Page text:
We're counting down to the last free Oracle Java 8 update - what's your plan?
Azul can save your day. Learn How!
Looking for Java SE 10? You can get Azul Zulu builds of OpenJDK 10 for Windows, Linux or macOS here. All Zulu builds are 100% open source. Zulu is tested and certified to meet the Java SE standards for Java 10 and is free to download and use without field of use restrictions.
Along with the latest Java version, Azul also maintains builds of OpenJDK for Java 10, 9, 8, 7, and 6. Every build is tested, certified, 100% open source, and free to download and use.Take me to the main Zulu Download Page
Zulu runs on all major builds of Linux, on Windows desktop and server, on macOS, and even on Solaris. You can run Zulu on your desktop, in your datacenter, in containers or in the cloud.Show me the Zulu Data Sheet
Check out the Zulu Installation Guide and Release Notes to learn more about Zulu, a certified, multi-platform build of OpenJDK for Windows, Linux, and macOS. The Zulu Installation Guide offers steps for installing Zip and native downloadable packages, plus instructions for many automated delivery systems like Apt, Yum, Docker, and Cloud VMsTake Me to Zulu Docs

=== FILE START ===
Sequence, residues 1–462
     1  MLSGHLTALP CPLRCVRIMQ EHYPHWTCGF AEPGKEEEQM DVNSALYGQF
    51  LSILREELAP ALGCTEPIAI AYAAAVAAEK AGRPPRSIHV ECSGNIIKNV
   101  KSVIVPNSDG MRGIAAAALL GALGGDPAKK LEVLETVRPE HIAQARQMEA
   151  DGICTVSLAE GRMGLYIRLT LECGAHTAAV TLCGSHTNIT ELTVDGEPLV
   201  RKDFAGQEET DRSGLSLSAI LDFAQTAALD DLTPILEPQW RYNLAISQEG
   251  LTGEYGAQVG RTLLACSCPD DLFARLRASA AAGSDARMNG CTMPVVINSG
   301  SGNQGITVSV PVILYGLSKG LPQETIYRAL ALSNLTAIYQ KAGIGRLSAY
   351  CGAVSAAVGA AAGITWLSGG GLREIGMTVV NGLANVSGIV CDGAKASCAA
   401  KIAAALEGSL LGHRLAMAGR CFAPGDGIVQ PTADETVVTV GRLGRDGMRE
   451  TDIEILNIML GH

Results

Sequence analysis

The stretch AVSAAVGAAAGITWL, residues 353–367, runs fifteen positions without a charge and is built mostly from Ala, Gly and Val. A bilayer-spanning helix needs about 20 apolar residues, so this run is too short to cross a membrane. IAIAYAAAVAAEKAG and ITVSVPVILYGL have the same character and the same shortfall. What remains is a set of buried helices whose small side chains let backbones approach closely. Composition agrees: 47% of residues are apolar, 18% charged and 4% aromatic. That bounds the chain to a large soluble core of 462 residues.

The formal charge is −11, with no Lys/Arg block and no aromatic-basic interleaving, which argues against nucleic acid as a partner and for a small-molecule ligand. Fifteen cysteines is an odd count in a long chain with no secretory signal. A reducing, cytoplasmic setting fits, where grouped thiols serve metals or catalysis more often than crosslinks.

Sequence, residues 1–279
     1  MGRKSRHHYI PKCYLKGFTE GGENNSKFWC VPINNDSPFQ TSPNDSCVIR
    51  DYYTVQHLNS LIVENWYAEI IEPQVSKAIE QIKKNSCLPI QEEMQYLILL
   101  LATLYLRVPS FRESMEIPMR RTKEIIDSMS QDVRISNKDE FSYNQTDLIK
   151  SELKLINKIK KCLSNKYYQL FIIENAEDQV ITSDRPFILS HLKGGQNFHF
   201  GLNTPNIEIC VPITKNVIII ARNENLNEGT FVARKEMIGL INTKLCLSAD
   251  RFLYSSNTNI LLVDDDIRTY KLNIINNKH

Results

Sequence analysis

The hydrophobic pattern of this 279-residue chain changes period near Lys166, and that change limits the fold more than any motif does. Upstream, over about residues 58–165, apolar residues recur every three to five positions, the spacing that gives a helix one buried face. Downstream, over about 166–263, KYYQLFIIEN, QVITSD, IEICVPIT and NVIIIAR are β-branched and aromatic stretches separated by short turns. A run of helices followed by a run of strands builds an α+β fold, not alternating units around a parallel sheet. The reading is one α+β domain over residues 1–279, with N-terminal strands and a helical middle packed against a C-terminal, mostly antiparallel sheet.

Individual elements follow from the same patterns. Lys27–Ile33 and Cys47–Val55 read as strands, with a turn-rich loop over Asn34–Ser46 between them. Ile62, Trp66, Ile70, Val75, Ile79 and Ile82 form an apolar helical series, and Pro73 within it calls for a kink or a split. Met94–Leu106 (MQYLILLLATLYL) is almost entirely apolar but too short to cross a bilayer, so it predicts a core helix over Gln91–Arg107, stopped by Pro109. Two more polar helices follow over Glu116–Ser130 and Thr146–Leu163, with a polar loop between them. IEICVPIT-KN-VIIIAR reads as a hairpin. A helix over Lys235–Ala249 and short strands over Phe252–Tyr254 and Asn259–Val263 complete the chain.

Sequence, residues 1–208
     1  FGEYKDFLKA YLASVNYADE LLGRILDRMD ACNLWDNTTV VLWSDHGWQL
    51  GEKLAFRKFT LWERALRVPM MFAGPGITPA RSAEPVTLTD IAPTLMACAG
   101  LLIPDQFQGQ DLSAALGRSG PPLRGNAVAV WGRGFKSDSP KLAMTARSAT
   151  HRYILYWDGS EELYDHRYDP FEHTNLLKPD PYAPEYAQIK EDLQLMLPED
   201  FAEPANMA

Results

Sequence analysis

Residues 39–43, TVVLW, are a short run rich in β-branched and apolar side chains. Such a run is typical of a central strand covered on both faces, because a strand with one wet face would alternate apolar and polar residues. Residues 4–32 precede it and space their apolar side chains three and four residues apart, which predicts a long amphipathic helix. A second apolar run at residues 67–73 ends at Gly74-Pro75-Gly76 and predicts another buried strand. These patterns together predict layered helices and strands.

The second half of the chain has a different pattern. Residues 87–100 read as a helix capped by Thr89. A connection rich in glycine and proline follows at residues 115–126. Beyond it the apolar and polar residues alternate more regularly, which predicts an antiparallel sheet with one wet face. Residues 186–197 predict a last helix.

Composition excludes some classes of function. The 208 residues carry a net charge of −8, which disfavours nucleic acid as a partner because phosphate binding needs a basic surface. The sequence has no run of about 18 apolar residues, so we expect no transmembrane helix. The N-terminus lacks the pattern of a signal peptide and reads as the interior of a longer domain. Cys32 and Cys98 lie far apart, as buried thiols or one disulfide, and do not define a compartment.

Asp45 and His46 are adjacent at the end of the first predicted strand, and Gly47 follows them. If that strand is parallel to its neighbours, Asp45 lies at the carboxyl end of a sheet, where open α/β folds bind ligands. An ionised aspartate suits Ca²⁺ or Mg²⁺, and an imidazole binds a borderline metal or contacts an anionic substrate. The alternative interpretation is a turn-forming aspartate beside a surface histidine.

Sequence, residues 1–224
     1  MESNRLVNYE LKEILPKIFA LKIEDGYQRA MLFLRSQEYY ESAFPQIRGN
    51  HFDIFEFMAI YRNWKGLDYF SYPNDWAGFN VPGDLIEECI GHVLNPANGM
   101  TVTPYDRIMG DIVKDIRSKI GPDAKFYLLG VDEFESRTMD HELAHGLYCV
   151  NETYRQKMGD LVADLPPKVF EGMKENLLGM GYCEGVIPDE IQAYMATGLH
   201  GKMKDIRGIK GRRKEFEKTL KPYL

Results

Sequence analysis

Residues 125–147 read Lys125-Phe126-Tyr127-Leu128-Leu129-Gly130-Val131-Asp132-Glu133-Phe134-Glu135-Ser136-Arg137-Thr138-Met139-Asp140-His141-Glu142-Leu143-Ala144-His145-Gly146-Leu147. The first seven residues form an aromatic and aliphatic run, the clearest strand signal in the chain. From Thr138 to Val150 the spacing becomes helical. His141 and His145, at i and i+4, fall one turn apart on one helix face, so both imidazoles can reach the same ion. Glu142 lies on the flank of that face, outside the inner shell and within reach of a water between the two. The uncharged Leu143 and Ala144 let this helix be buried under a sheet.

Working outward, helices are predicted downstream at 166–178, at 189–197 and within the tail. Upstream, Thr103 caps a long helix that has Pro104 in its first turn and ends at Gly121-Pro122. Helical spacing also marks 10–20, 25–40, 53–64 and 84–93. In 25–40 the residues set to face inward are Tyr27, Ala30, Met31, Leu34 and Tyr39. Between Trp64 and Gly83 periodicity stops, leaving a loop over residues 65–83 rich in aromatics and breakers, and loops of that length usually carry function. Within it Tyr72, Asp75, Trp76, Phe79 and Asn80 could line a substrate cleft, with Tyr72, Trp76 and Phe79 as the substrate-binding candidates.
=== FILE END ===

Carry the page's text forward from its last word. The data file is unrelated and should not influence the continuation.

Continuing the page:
Application Class-data Sharing: CDS was introduced in JDK 5 to improve the performance of the JVM startup and reduce the resource footprint when multiple JVMs are running on the same physical or virtual machine.
These enhance the java.util.Locale class and related APIs to implement additional Unicode extensions of BCP 47 language tags. Specifically, tags for currency type, the first day of the week, region override and time zone will now be supported.
319] Root Certificates: This will provide a default set of root Certification Authority (CA) certificates in the JDK. Critical security components such as TLS will now work by default in OpenJDK builds. This is a beneficial addition and is probably part of the work Oracle is undertaking to ensure that OpenJDK binaries and Oracle JDK binaries are functionally the same.
G1 is designed as a low-latency garbage collector (but will still resort to a full compacting collection if it cannot keep up with the rate of promotion to the old generation or fragmentation of the heap). Prior to JDK 9, the default collector was the parallel, throughput, collector. To reduce differences in the performance profile of applications using the default collector, G1 now has a parallel full collection
The format being used is very similar to that introduced in JDK 9 to give a more semantic form. The one thing that bugs me about this is the inclusion of an INTERIM element, which as the JEP states, “is always zero”. Well, if it’s always zero, what’s the point of having it? Yes, they say it’s reserved for future use, but I still don’t like it. This is unnecessary complexity in my opinion.
Starting with Java 9, the availability of free public updates for Java is typically limited to 6 months after each release of Java SE. That's fine for lots of development teams, but businesses need to know that they can get access to security patches, stability updates, and bugfixes. Zulu Enterprise Support plans protect your business, and ensure that you don't miss critical platform updates and patches. We're also available to help your team 24 x 7 x 365.